Rest in peace, dear gosiwon angel

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Rest in peace, dear gosiwon angel

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Korea’s gosiwon — the low-cost, single-room accommodations created for students preparing for state examinations — are no longer occupied by students. In the past, these students dreamed of success from their tiny rooms, hoping to transform their old jerseys into judge’s robes. Now, the gosiwon offer cheap accommodations for day laborers, poor college students and office workers who cannot afford any other housing.

As the students disappeared from the gosiwon, citizens increasingly began to oppose the construction of new gosiwon, as they believed the facilities would be a negative influence in their neighborhoods. And there have been a number of incidents to feed their fear.

In July 2008, seven people died in a fire at a gosiwon in Yongin, Gyeonggi. Three months later in October, a man in his 30s set the gosiwon where he lived on fire and also murdered six people with a knife. Three of the victims were ethnic Koreans from China who had crossed the ocean to make their “Korean dreams” come true. In September 2010, a fire at a gosiwon in Sincheon- dong, eastern Seoul, killed 11 people.

Yet, gosiwon accommodate more than 100,000 people in Seoul, or nearly 1 percent of the population. All of these residents have two things in common: they do not have the money for any other form of accommodation and they have their own dreams.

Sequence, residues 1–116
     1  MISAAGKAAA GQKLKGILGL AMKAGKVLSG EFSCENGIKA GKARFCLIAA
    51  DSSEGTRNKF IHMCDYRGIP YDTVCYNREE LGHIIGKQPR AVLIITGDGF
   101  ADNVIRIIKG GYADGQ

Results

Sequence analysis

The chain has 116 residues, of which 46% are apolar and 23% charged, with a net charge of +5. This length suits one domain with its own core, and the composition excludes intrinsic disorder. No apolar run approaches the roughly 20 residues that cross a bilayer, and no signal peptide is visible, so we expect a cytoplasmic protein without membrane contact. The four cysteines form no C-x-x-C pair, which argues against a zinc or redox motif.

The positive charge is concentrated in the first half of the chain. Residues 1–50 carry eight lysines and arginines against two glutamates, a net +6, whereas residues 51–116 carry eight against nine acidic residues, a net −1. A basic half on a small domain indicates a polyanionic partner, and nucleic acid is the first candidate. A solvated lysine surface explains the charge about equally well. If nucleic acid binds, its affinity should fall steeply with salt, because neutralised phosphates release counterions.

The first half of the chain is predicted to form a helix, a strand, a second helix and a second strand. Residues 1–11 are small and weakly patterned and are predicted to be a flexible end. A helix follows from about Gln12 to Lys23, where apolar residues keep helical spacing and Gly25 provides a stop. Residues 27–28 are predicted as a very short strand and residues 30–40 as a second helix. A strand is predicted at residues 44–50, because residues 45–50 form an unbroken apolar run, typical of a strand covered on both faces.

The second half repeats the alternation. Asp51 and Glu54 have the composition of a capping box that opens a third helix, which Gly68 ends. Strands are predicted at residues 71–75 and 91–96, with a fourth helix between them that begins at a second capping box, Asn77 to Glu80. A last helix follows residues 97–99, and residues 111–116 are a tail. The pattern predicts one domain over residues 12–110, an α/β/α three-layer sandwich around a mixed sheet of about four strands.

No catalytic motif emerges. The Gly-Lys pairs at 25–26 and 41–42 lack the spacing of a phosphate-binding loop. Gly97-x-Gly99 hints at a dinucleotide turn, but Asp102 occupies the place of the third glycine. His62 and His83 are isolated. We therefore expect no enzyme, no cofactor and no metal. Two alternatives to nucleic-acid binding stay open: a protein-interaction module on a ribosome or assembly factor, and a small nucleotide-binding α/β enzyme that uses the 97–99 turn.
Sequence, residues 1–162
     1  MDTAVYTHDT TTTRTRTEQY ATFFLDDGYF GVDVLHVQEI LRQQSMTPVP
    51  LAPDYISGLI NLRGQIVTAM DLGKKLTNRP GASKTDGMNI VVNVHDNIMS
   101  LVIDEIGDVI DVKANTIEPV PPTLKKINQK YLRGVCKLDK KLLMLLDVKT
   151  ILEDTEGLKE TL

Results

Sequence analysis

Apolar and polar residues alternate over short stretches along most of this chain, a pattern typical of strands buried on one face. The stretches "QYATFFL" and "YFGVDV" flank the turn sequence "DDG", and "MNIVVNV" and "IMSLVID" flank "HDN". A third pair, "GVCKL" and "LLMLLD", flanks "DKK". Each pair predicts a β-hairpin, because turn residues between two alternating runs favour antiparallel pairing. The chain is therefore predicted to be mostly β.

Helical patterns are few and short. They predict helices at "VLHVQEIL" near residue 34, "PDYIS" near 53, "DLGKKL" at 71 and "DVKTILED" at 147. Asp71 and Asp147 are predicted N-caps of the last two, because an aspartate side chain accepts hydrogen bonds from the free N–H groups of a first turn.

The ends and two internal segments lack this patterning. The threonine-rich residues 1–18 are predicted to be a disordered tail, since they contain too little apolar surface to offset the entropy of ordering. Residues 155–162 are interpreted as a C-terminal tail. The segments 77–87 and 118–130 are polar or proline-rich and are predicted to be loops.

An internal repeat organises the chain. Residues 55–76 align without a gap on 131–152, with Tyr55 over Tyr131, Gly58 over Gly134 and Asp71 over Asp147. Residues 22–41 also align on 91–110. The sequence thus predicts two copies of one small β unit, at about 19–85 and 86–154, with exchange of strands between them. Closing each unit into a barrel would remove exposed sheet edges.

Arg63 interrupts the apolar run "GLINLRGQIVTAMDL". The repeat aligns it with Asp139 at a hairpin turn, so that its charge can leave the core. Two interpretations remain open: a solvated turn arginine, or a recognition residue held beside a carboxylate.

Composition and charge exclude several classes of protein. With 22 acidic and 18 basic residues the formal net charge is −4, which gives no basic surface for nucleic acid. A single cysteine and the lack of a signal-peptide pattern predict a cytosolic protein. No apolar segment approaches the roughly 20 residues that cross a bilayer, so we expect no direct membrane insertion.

The dream of one gosiwon resident recently came to an end. Now called the “angel deliveryman,” Kim U-su lived in a gosiwon in Nonhyeon- dong, southern Seoul, and died in a traffic accident while making a delivery. His funeral was Thursday.

Kim only made about 700,000 won ($590) a month delivering Chinese food, but still chose to support five children who were not his own. He is an organ donor and the beneficiary of his insurance policy, worth 40 million won, is a fund for children. He lived in a windowless room that was not big enough to allow him to stretch his body, but he still dreamt of a world where no child has to suffer the unfortunate life he had to endure.

Kim was born to a single mother and abandoned at an orphanage when he was seven. When he was 12, he left the facility and lived by begging on the street and doing manual labor. Based on his generosity, he must have lived thinking about children in similar situations. His dream outshines all worldly dreams for success. We pray for this angel to rest in peace.

*The writer is an editorial writer of the JoongAng Ilbo.


By Noh Jae-hyun
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